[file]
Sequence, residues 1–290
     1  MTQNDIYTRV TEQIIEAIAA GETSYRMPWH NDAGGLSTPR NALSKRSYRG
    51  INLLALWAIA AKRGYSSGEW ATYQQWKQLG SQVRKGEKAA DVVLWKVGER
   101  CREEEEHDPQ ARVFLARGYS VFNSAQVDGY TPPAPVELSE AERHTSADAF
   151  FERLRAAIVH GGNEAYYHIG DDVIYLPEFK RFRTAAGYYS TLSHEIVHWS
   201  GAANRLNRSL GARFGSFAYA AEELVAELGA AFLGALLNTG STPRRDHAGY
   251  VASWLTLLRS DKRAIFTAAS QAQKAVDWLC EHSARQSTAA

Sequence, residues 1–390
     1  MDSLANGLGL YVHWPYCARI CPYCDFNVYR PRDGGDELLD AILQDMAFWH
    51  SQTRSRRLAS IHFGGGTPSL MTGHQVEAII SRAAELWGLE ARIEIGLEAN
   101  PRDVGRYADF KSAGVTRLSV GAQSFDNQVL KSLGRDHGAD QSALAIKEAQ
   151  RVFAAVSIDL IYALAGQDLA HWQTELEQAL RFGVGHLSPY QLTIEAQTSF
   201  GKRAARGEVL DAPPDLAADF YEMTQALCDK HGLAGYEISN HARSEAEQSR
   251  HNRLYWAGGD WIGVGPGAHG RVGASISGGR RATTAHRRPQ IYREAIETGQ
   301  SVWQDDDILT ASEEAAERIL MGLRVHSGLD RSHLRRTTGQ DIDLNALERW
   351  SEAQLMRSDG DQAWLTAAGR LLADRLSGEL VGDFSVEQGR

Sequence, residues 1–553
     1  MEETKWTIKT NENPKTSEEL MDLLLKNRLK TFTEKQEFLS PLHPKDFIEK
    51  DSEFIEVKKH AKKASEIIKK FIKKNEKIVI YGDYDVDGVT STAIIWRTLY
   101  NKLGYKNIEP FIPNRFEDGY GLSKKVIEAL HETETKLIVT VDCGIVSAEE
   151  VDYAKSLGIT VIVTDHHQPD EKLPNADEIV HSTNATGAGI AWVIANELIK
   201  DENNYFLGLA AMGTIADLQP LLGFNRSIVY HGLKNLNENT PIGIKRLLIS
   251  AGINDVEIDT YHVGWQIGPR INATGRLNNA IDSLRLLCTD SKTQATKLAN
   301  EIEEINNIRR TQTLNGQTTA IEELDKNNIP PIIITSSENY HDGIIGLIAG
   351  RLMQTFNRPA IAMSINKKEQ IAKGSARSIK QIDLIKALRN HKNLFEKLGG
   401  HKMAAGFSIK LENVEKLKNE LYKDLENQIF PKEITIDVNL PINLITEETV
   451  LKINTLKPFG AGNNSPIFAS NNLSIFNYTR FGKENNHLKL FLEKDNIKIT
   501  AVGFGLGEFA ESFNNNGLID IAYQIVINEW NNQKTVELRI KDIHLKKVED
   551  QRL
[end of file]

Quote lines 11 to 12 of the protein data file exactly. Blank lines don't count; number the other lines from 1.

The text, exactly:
   101  PRDVGRYADF KSAGVTRLSV GAQSFDNQVL KSLGRDHGAD QSALAIKEAQ
   151  RVFAAVSIDL IYALAGQDLA HWQTELEQAL RFGVGHLSPY QLTIEAQTSF